PPARα is involved in fatty acid oxidation and regulates FGF21 production in the liver. Fasting or mice treatment with the PPARα agonist Wy-14,643 induces FGF21 mRNA expression [31][32]. On the contrary, PPARα deficient mice showed decreased FGF21 mRNA levels and fasting or PPARα agonist treatment did not induce FGF21 mRNA expression [32]. Although both control and the advanced group of rats were fasted for 8–10h before sacrifice, the advanced group showed a decrease in liver Fgf21 and Pparα suggesting a predisposition to obesity. It is worth noticing that the same factors that decreased in liver, increased in WAT, indicating tissue specificity.

In rats subjected to advanced phase shifts, BAT mass was increased and histological examination showed a brown-to-white transformation with lipid accumulation. The expression of the BAT differentiation marker Ucp1 decreased as well as that of Fgf21, which is expressed during thermogenic activation [25]. Moreover, Cpt1B mRNA expression was decreased, indicating reduced lipid oxidation. BAT is present and active in adult humans and decreases in obesity and type 2 diabetes [33]. Brown adipocytes enhance energy expenditure, increasing glucose and fatty acid uptake. Thus, activation of BAT might be a potential tool to counter obesity [34]. According to this, the loss of BAT differentiation in the advanced group of animals reflects an initial state of obesity.

The expression of lipid metabolic genes in WAT was strongly altered in the advanced group. Lipid oxidation (Cpt1B, Fgf21, Pparα and Pgc1α) and synthesis (Srebp1C, Fas and Agpat2) were increased. Pparα has been implicated in obesity and metabolic diseases [14] while Pgc1α plays an important role in the crosstalk between circadian clock circuitry and metabolism [35]. It is noteworthy that in previous studies animals treated with HFD showed a decrease in WAT BMAL1 and SIRT1 [36], while in our case animals were under chow diet and both were up-regulated. This indicates that the consequences of diet in lipid metabolism are different from the effects produced by circadian rhythm alterations.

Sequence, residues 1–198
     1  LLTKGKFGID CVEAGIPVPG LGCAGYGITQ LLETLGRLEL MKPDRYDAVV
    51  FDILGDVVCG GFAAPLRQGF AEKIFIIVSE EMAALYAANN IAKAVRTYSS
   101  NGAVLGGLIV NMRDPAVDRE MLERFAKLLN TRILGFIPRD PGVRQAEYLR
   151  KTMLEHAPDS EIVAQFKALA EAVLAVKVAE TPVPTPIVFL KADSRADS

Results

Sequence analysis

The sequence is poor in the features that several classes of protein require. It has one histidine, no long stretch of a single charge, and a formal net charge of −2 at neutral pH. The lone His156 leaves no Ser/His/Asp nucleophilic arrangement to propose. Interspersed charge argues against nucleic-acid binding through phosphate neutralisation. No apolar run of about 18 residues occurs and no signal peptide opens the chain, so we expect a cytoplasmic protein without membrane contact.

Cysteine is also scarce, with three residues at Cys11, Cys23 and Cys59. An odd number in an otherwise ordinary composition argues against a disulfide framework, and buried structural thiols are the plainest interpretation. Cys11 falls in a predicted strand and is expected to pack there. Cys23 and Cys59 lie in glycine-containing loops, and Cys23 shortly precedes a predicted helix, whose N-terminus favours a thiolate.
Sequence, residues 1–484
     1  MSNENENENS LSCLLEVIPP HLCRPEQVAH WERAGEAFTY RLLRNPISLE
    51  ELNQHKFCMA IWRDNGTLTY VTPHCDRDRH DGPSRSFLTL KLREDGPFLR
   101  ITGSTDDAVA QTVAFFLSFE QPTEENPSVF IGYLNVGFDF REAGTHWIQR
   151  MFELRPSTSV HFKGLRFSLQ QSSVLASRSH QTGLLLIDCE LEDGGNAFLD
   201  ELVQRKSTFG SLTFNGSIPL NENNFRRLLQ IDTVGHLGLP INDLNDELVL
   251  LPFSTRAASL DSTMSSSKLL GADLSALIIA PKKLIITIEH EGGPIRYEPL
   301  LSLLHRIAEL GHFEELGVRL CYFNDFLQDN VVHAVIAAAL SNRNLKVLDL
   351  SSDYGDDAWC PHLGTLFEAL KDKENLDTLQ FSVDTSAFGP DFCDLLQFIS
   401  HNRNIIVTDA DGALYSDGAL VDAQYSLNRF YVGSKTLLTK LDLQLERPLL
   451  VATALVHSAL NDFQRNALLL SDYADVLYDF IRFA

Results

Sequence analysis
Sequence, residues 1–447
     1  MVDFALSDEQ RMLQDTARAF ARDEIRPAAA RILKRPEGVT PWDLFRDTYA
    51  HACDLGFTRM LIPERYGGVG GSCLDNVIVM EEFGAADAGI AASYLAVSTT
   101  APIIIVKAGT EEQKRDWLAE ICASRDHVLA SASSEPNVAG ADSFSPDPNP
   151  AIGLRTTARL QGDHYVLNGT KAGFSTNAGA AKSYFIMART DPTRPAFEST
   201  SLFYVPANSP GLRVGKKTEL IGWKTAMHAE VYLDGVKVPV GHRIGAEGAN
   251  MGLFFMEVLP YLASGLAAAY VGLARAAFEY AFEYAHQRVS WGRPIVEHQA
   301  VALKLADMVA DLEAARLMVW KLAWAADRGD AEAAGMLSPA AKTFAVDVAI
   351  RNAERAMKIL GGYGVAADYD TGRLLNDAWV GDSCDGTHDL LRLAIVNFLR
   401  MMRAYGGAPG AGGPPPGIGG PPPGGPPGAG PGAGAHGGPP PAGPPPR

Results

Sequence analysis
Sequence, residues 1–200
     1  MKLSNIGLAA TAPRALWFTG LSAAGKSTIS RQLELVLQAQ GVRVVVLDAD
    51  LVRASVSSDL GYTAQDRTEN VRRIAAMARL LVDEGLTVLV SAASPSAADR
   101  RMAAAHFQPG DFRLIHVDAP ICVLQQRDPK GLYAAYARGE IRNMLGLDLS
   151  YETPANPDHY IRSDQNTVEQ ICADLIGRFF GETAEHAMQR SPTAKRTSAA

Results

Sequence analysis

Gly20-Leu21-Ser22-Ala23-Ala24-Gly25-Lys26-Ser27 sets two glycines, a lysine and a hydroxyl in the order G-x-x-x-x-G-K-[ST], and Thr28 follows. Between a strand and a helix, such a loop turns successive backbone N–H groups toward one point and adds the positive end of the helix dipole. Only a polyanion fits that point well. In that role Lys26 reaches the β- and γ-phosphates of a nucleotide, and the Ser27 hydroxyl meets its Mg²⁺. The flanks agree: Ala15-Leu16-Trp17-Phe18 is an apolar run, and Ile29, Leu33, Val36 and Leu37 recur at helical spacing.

Metabolic syndrome is associated with chronic low-grade inflammation and increased ER and ROS damage [37]. Inflammation has also been reported in the hypothalamus at the initial state of obesity [38]. Our results show that the expression of markers of inflammation and ER stress were increased in WAT (Inos and Pdi) and hypothalamus (Inos) of advanced rats.

In summary, our experiments showed alterations in metabolic, inflammatory and ER stress factors in young animals submitted to chronic advanced phase shifts without diet manipulations such as restricted feeding or HFD. Our study also questions the ability of young subjects to cope with phase shifts and highlights the role of stable circadian rhythms in the prevention of metabolic diseases. Although further studies in humans are necessary to extrapolate the present data, our results suggest the need to assess the direction of the shift work schedules in order to prevent metabolic alterations and their pathological consequences.

Supporting Information

S1 Fig. Leptin levels in advanced and control rats at different collection times.

Leptin concentration in rats (n = 6) submitted to 6h of advances every 5 days (advances) and control (T24). Blood samples were obtained at ZT12-13 (dark onset; OD), ZT18-19 (mid dark; MD), ZT0-1 (light onset; OL) and ZT6-7 (mid light; ML), where ZT12 is the beginning of the dark phase.

doi:10.1371/journal.pone.0122570.s001

(TIF)

S2 Fig. Histological examination of liver and epidydimal and subcutaneous WAT.

H&E staining. Epi: epidydimal; sc: subcutaneous. (n = 7–8).

doi:10.1371/journal.pone.0122570.s002

(TIF)

S3 Fig. nNOS mRNA expression in the hypothalamus.

nNOS mRNA levels in the hypothalamus. (*p<0.05, n = 7–8).

doi:10.1371/journal.pone.0122570.s003

(TIF)

S1 Table. Serum FGF21, NEFA, cholesterol and triacylglyceride (TAG) levels.

(n = 7–8).

doi:10.1371/journal.pone.0122570.s004

(PDF)

Acknowledgments

We thank Robin Rycroft for valuable assistance in preparing the English manuscript.

Author Contributions

Conceived and designed the experiments: LH ADN TC DS. Performed the experiments: LH LV CAS NA. Analyzed the data: LH TC DS. Contributed reagents/materials/analysis tools: LH TC DS. Wrote the paper: LH ADN TC DS.